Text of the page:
Friday, 6 June 2014

The False-Positive Paradox as a Class Activity/Discussion Point

There is a test that screens for some rare disease (only 1 in every million people is infected). It is 99% accurate (it gives the correct answer of positive or negative 99% of the time). You go for the test and to your dismay it returns a positive result!
What is the chance that you actually have the disease?

You may think that its pretty likely you have the disease. However, from the information above, the actual probability that you have the disease is still very unlikely (1 in 10'102). This is the basic premise of the false-positive paradox.

I don't really like that it is named as a paradox, because it is not actually in any way paradoxical, just counter-intuitive. It works because there are so many more non-infected people (999'999) that each have a 1% chance of getting a false positive than the number of infected people (1) who has a 99% chance of getting a true positive result.



This counter-intuition can cause exactly the sort of cognitive-disonance that can be so useful in getting people to realise that their current understanding needs improving, but in its current form its pretty wordy, inaccessible and abstract. I wanted to make it in to a class activity. Instructions below.

 

 

 

How to run the Class Activity/Discussion Point:

  • As students enter the room, give them each a slip of paper with a random word on it. Tell them not to show anyone else.
  • Once they're settled, tell them that there is a (make-believe) disease going round school that only affects about one student per class. In this class the one student, the one with the word banana on their slip of paper, is infected (Don't tell anyone if its you or not!).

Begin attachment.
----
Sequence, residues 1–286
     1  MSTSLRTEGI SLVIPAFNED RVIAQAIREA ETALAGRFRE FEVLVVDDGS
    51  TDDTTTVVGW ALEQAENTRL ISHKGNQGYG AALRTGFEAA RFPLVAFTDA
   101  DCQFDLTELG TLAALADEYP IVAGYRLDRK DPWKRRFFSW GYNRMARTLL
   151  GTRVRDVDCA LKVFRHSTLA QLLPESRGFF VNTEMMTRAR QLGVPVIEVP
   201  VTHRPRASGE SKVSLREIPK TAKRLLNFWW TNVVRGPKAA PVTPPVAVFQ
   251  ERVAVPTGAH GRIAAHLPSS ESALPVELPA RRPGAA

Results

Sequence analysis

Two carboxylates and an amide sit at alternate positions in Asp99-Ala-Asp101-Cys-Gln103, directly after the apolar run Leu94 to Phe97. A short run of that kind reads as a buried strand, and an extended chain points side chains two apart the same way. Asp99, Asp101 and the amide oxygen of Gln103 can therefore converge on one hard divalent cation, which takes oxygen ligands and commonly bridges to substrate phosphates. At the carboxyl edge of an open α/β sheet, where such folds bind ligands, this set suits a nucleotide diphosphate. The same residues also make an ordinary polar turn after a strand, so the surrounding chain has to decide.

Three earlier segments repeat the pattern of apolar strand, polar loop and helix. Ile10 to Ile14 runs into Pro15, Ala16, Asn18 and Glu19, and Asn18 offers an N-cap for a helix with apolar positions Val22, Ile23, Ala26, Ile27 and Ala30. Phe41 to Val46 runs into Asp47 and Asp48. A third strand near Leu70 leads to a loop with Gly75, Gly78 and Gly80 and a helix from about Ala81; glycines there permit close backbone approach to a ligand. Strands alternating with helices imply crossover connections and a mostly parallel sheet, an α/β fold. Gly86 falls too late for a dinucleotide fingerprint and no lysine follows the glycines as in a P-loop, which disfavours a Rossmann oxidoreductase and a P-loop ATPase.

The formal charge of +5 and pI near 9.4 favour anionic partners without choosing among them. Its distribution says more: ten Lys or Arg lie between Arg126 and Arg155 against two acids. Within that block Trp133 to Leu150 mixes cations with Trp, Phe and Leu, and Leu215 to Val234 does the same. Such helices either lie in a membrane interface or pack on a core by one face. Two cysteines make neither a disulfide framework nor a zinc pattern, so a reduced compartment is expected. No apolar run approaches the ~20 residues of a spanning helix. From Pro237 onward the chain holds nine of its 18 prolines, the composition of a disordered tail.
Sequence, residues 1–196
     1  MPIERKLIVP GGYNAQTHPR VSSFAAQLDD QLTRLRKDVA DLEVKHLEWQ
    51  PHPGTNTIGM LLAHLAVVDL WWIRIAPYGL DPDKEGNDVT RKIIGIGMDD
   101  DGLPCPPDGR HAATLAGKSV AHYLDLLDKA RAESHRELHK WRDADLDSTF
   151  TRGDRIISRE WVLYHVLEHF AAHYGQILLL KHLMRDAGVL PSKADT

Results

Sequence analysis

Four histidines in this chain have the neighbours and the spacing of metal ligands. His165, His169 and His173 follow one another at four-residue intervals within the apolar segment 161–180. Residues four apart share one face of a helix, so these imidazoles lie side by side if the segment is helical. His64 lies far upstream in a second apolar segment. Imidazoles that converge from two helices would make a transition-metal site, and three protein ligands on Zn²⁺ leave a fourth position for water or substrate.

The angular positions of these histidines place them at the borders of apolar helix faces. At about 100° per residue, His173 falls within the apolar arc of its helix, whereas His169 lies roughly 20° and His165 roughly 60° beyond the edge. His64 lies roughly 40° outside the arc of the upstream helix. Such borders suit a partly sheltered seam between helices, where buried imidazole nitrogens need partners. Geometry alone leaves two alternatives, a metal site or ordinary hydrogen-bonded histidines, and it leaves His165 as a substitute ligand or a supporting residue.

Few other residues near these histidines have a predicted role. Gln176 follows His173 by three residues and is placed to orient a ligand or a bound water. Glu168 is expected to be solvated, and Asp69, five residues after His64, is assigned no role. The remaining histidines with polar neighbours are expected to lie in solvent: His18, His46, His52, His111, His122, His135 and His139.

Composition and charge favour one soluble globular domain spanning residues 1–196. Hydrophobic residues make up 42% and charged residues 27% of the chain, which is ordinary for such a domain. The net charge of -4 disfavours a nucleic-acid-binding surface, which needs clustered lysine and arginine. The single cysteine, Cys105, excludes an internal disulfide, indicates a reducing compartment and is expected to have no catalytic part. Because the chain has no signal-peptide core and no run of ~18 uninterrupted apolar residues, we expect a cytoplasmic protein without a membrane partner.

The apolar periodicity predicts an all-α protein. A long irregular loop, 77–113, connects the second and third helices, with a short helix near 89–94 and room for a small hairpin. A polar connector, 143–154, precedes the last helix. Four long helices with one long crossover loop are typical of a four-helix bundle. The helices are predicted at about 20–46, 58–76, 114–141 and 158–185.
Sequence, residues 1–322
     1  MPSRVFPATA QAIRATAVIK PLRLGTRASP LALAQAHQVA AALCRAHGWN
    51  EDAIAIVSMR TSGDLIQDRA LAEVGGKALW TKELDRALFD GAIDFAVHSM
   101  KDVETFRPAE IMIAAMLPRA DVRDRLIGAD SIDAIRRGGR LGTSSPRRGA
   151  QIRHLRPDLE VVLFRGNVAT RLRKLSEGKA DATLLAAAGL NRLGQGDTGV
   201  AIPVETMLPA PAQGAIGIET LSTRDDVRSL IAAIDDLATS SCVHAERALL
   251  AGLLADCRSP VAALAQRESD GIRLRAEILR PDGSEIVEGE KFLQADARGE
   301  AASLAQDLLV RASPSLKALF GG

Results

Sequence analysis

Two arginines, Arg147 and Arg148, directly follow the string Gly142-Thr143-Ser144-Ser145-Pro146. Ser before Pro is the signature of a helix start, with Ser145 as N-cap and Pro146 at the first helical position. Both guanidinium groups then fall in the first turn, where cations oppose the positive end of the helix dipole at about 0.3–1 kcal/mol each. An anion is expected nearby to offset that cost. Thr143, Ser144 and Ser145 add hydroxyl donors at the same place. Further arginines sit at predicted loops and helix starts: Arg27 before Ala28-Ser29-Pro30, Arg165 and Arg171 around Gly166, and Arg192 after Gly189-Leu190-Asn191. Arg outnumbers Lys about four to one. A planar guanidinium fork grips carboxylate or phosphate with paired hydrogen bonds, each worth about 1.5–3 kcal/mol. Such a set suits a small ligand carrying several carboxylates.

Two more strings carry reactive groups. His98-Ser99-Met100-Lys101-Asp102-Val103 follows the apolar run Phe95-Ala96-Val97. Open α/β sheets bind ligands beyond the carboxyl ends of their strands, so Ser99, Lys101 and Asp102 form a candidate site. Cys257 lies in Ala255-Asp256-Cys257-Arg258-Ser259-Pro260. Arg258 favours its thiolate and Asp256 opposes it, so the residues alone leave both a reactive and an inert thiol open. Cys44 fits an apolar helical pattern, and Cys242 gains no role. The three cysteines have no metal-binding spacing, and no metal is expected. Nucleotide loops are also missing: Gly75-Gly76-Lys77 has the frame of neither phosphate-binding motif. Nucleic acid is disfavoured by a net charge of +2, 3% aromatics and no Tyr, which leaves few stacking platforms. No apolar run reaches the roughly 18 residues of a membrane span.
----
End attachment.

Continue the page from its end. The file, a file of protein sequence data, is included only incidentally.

• Tell them you have a way of checking if anyone has the disease, but its not always accurate. To perform the test, you will ask the student if they are infected. Before answering, the student will roll a dice and will tell the truth if they roll a 1, 2, 3, 4 or 5, but they will lie if they roll a 6.
  • Perform this test on some students until someone claims to be infected.
  • Ask the class how likely is it that this student is actually infected. Ask for justifications. Most will say very likely, some may evan say 5/6.
  • Perform the test on a few more students until you get a few more claiming to be infected.
  • But they can't all be 'very likely'! What is going on here? 

By the way, make sure the students know the disease is not real!


Would this work in your classroom? Could it be improved? At the moment its just an idea and I'd like to know what you think.